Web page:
Sure it's too early to judge him as a president but it's not looking good. Take something like healthcare, quality and affordable healthcare. It seems he would let his own party not only butcher the concept of a public option into some meaningless, impotent moderate compromise, but he would also watch members of his own party threaten to block the bill the even coming to a vote. If I believed in a god, I would invoke its name and beg it to make Obama take a stand. I've seen nothing but pandering and inaction. If one really wants to close a secret torture center, one simply needs to close it. Instead, Obama offers nothing but waiting. Same with waging war. He continues to support the killing of human beings and recognizes an illegitimate Afghan leader. If you hate murdering humans, then simply take a courageous step, walk away and face the shame and ridicule that we fucked up. No, really. Finally, Gay rights have taken significant blows recently and Mr. Obama, who looked to be a friend of the LGBTQ community, a president who felt the need to support democrats in local elections, said nothing of the referendums on gay marriage and civil union.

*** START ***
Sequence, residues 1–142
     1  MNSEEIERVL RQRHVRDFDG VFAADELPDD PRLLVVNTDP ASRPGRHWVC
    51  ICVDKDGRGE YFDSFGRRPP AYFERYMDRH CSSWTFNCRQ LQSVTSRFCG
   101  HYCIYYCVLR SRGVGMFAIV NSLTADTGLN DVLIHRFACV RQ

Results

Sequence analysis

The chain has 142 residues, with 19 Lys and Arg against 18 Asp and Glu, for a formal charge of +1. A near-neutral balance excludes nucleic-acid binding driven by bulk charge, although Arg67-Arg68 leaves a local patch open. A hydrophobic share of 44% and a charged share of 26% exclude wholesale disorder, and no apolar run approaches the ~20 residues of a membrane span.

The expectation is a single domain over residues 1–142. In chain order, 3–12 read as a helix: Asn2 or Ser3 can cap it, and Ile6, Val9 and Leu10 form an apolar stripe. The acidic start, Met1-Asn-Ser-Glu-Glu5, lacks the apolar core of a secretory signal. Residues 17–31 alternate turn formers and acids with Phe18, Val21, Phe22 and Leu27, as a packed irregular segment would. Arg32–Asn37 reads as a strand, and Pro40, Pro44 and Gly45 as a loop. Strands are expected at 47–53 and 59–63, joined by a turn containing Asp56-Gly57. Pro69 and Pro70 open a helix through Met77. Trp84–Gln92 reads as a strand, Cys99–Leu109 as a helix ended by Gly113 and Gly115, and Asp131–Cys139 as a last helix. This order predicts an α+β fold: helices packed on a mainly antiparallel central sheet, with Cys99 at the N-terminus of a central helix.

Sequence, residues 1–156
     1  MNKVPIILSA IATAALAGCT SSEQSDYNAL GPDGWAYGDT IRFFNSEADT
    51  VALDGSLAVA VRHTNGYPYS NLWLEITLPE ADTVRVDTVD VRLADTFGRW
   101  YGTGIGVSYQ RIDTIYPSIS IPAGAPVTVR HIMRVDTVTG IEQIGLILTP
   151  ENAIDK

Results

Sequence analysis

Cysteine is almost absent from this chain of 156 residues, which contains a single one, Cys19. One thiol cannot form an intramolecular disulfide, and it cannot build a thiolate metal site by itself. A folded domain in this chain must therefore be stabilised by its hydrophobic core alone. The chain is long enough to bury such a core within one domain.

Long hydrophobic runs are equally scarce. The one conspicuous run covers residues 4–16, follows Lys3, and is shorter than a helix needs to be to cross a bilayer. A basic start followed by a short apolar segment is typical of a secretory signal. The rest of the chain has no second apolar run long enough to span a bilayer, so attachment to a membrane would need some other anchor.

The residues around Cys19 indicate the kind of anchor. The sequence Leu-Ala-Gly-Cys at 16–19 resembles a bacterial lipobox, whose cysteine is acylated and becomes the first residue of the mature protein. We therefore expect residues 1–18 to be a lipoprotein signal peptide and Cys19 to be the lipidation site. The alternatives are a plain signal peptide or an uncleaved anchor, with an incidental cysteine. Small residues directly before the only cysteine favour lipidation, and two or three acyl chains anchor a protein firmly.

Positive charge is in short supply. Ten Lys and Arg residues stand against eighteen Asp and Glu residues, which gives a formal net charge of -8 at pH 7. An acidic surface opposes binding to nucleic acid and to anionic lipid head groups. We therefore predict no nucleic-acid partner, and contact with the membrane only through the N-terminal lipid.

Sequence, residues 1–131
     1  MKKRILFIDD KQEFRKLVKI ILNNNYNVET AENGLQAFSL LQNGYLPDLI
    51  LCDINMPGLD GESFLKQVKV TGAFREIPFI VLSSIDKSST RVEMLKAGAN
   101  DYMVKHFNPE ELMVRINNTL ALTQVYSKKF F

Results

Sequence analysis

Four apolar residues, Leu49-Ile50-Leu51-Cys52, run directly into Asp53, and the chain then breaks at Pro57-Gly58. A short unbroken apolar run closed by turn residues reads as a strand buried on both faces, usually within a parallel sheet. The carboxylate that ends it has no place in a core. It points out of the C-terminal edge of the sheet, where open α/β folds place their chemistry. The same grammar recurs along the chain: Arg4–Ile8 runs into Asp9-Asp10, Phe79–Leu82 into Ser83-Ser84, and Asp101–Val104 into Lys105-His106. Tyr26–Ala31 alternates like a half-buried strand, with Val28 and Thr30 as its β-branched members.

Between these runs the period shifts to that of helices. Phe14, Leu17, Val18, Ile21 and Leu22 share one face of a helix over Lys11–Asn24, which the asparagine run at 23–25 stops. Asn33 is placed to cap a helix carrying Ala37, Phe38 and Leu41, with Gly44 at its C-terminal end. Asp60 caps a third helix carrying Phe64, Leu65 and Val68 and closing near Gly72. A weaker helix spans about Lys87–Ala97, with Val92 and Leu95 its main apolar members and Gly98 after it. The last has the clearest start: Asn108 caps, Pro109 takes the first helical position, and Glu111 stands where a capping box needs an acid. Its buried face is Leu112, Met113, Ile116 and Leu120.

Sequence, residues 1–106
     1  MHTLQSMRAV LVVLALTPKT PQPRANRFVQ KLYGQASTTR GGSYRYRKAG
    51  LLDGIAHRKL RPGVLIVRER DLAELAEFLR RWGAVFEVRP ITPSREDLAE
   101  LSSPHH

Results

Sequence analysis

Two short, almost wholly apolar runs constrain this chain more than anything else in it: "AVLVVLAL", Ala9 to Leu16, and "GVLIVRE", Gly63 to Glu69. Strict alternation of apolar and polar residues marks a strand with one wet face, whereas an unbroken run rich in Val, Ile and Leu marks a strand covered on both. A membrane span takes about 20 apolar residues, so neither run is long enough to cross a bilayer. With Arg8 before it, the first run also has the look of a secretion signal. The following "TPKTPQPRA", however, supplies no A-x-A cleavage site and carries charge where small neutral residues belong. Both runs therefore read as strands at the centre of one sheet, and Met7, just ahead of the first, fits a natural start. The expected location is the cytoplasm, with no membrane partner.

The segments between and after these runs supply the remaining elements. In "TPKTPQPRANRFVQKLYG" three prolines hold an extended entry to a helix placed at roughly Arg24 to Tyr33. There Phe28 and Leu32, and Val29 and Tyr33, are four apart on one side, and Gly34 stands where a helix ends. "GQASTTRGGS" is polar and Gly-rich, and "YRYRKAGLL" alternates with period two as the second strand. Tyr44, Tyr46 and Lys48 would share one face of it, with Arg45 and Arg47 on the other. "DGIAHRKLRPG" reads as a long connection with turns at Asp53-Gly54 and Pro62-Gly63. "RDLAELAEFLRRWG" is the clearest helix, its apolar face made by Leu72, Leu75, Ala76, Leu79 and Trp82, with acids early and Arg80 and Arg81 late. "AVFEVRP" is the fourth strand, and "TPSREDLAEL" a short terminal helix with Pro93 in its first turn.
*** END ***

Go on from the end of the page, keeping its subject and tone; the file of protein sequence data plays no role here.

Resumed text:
We are not on good terms, him and me. His administration has been consumed of late with a debate with the standing on cable media, laying wreaths and with pandering to the right, the very people who didn't vote for him and oppose anything with his name on it. Here's how it works. Leaders lead, which means making decisions and taking actions that will get you criticism from your foes and your sell-out party members. I believed that Obama believed in what he said he believed in. So far, it seems he's on a one way street to sell-out-ville. But I am just a disgruntled liberal.